else
              color: #0000FF

or even do some inline logic to tighten things up:

modules.styl:
    .copy p
         color: rgba(0, 0, 255, .6) unless supportsIE
         color: #000000 if supportsIE

As you’ll see later on and through your own use, Stylus logic can really help us make the best CSS for our sites.

Overloading CSS

Remember how I said Stylus was an idiot savant and just processes everything on set rules, not caring too much about your coding style? Another awesome and helpful feature is overloading CSS properties and values.

The first is to overload CSS values, such as colors. Browsers understand various color values, such as blue and orange. But say you find that orange just a bit too much for your tastes. We can overload the orange value:

modules.styl:
    orange = #FFC014

and then everywhere that we have declared orange will instead get the new hex value.

modules.styl:
    .copy p
         color: orange

results in:

default.css:
    .copy p {
         color: #FFC014;
    }

An even greater piece is to overload a CSS property. Two that we overload in every project are margin and padding. We overload both to take their values, generally given in pixels, and return the values as REMs. Now, Internet Explorer 8 and below don’t understand REMs, so using the power of Stylus logic shown above, if supportsIE is declared, we just pass through the pixel values. So:

modules.styl:
    .copy p
         padding: 10px 20px

default.css (assume our REMs are set to 1rem = 10px):
    .copy p {
         padding: 1rem 2rem;
    }

ie.css:
    .copy p {
         padding: 10px 20px;
    }

You may have noticed that there was nothing special to declaring the overloaded declaration. We just wrote it like a regular declaration. Stylus will look for user-defined functions first and then process the remaining declarations and selectors after. Its smart about knowing when you’re calling a function. The great thing, too, is that this is completely transparent and you don’t need to write some convoluted functional declaration to get the results you want. Just write the Stylus like you would the CSS and voila! there it is.

Just so things are completely blackbox and magical: in our overloaded declarations, we use the Vefa rem() function to get the rem values.

Extending styles

I’m a stickler for not having class heavy HTML. I like to keep classes on elements to a bare minimum, usually a base layout class, a module class, and a modifier class if need be. We’ll save that for another post, but one thing that helps keep Stylus and CSS files sane is the @extend functionality[2]. @extend allows us to keep our code very modular and almost acts as a true inheritance model for CSS. When you declare an @extend for a selector, Stylus essential hoists that selector and applies it the same code block you are extending.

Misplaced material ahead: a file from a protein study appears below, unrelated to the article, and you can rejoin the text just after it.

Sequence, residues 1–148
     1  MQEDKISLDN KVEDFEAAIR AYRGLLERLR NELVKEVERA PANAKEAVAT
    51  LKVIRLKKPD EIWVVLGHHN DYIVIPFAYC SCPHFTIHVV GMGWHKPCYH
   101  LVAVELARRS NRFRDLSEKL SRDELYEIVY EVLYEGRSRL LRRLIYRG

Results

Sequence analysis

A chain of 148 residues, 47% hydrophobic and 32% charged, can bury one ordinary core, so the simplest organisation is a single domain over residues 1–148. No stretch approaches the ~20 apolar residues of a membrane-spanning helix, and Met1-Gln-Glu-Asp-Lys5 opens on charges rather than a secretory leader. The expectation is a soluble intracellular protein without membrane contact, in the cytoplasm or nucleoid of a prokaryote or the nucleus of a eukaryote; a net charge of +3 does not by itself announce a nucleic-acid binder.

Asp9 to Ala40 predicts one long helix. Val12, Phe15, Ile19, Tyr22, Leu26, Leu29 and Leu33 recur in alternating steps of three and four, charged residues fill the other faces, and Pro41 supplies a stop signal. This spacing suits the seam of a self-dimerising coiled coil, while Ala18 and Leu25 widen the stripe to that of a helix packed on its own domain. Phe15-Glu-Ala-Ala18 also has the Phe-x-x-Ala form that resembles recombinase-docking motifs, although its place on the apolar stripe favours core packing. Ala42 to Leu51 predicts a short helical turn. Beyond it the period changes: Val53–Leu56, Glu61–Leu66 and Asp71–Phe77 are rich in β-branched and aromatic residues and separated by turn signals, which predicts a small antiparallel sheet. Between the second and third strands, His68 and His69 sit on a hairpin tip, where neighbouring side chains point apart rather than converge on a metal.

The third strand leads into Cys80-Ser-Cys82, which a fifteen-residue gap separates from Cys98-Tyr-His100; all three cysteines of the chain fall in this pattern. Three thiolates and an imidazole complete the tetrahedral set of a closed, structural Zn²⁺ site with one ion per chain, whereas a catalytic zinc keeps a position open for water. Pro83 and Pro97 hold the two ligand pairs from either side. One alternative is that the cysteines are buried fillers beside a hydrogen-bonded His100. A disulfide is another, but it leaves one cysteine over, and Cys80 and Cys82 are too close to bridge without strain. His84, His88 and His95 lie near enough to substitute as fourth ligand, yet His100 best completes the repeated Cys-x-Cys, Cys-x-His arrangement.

default.styl:
  .iso-1col
       padding: 10px

  .copy
       @extend .iso-1col
       color: #CCC
       font-size: 22px

default.css:
    .iso-1col, copy {
         padding: 1rem;
    }

    .copy {
         color: #CCC;
         font-size: 22px;
    }

We’ve kept our stylus code clean and modular, extending .iso-1col with .copy, or making .copy a descendent of .iso-1col, like we would in Python or other language (no, I know, not Javascript!). We often use throw away CSS IDs to act as abstracts and just extend like crazy off them!

Another cool thing about @extend is that you’re not limited to just CSS selector IDs or classes. You can get pretty complex with your extensions.

default.styl:
  .iso-1col
       padding: 10px

       .copy
            color: #ccc
            font-size:22px

            p
                 font-face: tahoma, arial, sans-serif
                 font-weight: 900

                 &:first-child
                      color: orange

  .callout
       @extend .iso-1col .copy p:first-child
       background: blue

defaults.css:
  .iso-1col {
       padding: 10px;
  }
  .iso-1col .copy {
       color: #ccc;
       font-size:22px;
  }
  .iso-1col .copy p {
       font-face: tahoma, arial, sans-serif;
       font-weight: 900;
  }
  .iso-1col .copy p:first-child,
  .callout {
       color: orange;
  }

  .callout {
       background: blue;

  }

@extend keeps your code clean and attempts to lessen both the amount of classes and the rewriting of CSS that you might otherwise have to write. Using @extend will help you write faster and will keep your head on straight when you code those 1500 line CSS files.

Conclusion

CSS logic, overloading CSS properties, and extending CSS declarations are just three helpful pieces in the Stylus preprocessor. Just using these three abilities will have you writing clean, logical CSS quickly in no time. I invite you to check out Learnboost’s Stylus and give it a whirl on your next project. Over the coming weeks, we’ll investigate ideas (and maybe a gripe, gotcha, or two) for Stylus, introduce our Vefa modules, and show you what Wellfire has been able to do when using Stylus.

[1] I’d hate to call Vefa a framework because its meant to be very open-ended and extensible for any developer to use. You’ll be able to use the pieces that you like, when you like, without having to worry about whether or not it relies on other pieces of the framework.

[2] Sass has something similar to @extends so you may be familiar with it.